Level: Free shore access This spot have a free shore access: you can go snorkeling there freely and without having to book a tour or pay an entrance fee.
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Less famous than South Beach’s southern reefs, First Bay is a classic spot in the Jordanian Red Sea. Its very damaged coral is no exception to the overall state of Aqaba’s coastal reefs. However, interesting species can still be seen at shallow depths, such as lionfish, stonefish, moray eels and butterflyfish.
First Bay snorkeling spot just north of South Beach. It faces the first beach you will encounter when arriving from downtown Aqaba.
From Aqaba, take the South Beach Highway and exit at the Camel Dive Center and Larain Plaza Hotel, approximately 1.5 km after passing the port and the aquarium. Free parking is available next to the beach.
The main current runs from north to south, so we advise you to enter the water north of the beach, just before the fence (see map). You can then snorkel along the reef slope in a southerly direction, slightly drifted by the current, and then get out of the water through the small pass located in front of the SeaStars Watersport.
You can snorkel the entire reef, which measures a hundred meters at its widest point, found in its northern part. The further south you go, the narrower the reef.
This spot has a typical Red Sea fringing reef profile, featuring a shallow flat (↕2-3ft/0.5-1m) which ends in a small reef drop-off (↕12-24ft/4-8m).
Like all reefs in Aqaba Marine Park, First Bay reef is overall damaged at shallow depths, with many areas where the coral has disappeared. Pretty clusters of soft coral, massive porous coral and brain coral are however still visible in some parts of the flat.
Even in the shallowest areas, keep an eye peeled for a lionfish, a stonefish or a small moray eel, in addition to the abundant Klunzinger’s wrasse.
The reef edge is hardly in better condition than the reef flat, and there is a majority of dead coral in areas where the depth is less than 10ft/3m. On the other hand, superb coral bommies are still found at the foot of the drop-off, where the seabed regains its multicolored and vibrant aspect.
Even in damaged areas, there is an interesting diversity of fish to see. Damselfish, wrasse and surgeonfish are among the most common, but masked pufferfish, yellow boxfish and butterflyfish are also frequently spotted.
Another impossible-to-miss species at this location is the Red Sea clownfish, which lives in the sea anemones attached to the different “steps” of the reef.
Sea conditions and underwater visibility are generally ideal on this spot, as on the entire Jordanian coast.
An hotel and several small restaurants and food trucks are available next to the beach.
These snorkeling spots are accessible to beginners and kids. You will enter the water gradually from a beach, or in a less than 3ft. deep area. The sea is generally calm, shallow, with almost no waves or currents. These spots are usually located in marked and/or monitored swimming areas. It is not necessary to swim long distances to discover the sea life.This level only apply when the spot experiences optimal sea and/or weather conditions. It is not applicable if the sea and/or weather conditions deteriorate, in particular in the presence of rough sea, rain, strong wind, unusual current, large tides, waves and/or swell. You can find more details about the definition of our snorkeling levels on our snorkeling safety page.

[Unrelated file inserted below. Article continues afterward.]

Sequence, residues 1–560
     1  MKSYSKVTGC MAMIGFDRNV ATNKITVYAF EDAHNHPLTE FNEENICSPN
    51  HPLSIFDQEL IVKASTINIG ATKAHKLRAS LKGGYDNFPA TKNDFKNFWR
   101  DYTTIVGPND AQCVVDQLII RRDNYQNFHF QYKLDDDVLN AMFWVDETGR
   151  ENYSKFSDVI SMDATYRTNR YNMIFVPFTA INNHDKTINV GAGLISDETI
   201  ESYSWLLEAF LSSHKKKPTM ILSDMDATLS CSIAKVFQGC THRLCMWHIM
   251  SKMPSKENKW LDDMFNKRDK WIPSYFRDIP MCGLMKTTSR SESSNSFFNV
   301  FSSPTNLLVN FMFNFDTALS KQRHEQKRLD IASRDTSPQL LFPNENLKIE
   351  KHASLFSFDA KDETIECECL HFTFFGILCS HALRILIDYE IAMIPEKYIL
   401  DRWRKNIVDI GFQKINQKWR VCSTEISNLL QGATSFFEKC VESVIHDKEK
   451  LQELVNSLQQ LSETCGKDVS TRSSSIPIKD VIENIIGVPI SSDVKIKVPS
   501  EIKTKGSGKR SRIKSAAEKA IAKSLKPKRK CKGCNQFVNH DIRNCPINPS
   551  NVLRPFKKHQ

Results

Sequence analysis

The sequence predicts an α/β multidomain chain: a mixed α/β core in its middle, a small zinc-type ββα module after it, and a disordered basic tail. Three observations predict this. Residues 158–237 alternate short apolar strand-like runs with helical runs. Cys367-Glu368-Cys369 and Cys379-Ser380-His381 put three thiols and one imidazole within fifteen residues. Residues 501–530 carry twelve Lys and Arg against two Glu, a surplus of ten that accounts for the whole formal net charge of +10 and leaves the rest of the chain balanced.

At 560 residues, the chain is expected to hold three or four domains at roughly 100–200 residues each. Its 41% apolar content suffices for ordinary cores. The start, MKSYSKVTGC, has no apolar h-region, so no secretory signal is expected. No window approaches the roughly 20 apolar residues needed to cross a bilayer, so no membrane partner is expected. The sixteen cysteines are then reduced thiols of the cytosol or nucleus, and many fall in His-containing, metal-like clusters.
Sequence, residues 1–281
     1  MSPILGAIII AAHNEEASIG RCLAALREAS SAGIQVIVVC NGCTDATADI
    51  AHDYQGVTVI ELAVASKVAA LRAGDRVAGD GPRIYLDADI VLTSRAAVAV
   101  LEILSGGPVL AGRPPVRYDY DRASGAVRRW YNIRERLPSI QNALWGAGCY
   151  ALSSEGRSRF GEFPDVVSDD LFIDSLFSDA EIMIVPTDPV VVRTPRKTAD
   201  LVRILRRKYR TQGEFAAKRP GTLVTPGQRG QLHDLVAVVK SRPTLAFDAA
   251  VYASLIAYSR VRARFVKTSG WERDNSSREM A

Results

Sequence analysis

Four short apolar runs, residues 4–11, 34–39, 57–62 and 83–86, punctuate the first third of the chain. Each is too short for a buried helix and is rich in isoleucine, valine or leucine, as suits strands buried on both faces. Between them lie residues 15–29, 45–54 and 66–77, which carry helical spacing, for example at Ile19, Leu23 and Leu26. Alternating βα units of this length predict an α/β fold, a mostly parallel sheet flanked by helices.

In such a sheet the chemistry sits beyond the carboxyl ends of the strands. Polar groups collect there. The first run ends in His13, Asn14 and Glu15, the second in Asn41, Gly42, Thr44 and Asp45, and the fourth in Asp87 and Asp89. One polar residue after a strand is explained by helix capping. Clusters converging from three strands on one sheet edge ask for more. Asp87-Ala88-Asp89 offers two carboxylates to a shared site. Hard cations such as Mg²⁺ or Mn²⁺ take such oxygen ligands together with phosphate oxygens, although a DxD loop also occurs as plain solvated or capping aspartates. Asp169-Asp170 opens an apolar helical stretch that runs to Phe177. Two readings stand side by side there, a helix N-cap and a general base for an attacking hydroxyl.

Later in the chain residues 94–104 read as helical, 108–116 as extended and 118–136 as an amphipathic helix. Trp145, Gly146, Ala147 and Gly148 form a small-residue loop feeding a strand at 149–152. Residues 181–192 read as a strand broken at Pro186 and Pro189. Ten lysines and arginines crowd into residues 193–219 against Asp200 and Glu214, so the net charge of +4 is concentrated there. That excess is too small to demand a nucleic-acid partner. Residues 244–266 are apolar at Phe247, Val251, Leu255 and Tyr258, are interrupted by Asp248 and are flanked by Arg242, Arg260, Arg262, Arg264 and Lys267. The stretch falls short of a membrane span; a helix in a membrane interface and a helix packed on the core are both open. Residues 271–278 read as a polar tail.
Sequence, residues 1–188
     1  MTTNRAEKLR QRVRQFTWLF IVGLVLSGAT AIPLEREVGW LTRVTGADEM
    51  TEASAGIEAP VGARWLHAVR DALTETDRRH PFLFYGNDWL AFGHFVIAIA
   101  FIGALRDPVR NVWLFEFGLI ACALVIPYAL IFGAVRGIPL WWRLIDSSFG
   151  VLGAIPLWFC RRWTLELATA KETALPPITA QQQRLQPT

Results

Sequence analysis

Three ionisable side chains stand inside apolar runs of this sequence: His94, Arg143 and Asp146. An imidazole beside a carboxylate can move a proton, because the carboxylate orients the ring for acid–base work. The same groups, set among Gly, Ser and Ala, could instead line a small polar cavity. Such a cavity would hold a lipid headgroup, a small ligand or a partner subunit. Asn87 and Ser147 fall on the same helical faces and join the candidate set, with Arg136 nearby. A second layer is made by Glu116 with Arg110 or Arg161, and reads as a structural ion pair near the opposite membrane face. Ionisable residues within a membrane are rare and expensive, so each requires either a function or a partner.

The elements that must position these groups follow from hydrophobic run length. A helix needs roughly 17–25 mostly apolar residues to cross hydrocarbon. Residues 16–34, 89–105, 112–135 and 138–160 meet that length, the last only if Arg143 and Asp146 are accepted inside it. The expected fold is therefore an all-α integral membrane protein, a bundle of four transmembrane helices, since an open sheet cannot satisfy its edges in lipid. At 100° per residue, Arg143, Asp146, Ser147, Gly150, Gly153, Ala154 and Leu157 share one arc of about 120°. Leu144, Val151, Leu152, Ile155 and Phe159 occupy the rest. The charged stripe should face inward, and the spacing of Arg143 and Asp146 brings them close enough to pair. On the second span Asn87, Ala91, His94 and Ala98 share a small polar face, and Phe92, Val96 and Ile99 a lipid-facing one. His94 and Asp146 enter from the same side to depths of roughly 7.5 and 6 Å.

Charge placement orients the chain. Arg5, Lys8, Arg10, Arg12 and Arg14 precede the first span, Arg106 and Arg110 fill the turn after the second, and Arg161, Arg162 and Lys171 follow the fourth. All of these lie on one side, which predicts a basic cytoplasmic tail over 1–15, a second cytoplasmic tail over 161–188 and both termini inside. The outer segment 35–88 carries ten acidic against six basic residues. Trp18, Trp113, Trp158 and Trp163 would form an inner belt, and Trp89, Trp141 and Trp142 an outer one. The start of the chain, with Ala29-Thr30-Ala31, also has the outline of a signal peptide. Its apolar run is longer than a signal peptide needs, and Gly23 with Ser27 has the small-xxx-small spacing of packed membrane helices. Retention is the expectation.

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Snorkeling spots are part of a wild environment and their aspect can be significantly altered by weather, seasons, sea conditions, human impact and climate events (storms, hurricanes, seawater-warming episodes…). The consequences can be an alteration of the seabed (coral bleaching, coral destruction, and invasive seagrass), a poor underwater visibility, or a decrease of the sea life present in the area. Snorkeling Report makes every effort to ensure that all the information displayed on this website is accurate and up-to-date, but no guarantee is given that the underwater visibility and seabed aspect will be exactly as described on this page the day you will snorkel the spot. If you recently snorkeled this area and noticed some changes compared to the information contained on this page, please contact us.
The data contained in this website is for general information purposes only, and is not legal advice. It is intended to provide snorkelers with the information that will enable them to engage in safe and enjoyable snorkeling, and it is not meant as a substitute for swim level, physical condition, experience, or local knowledge. Remember that all marine activities, including snorkeling, are potentially dangerous, and that you enter the water at your own risk. You must take an individual weather, sea conditions and hazards assessment before entering the water. If snorkeling conditions are degraded, postpone your snorkeling or select an alternate site. Know and obey local laws and regulations, including regulated areas, protected species, wildlife interaction and dive flag laws.
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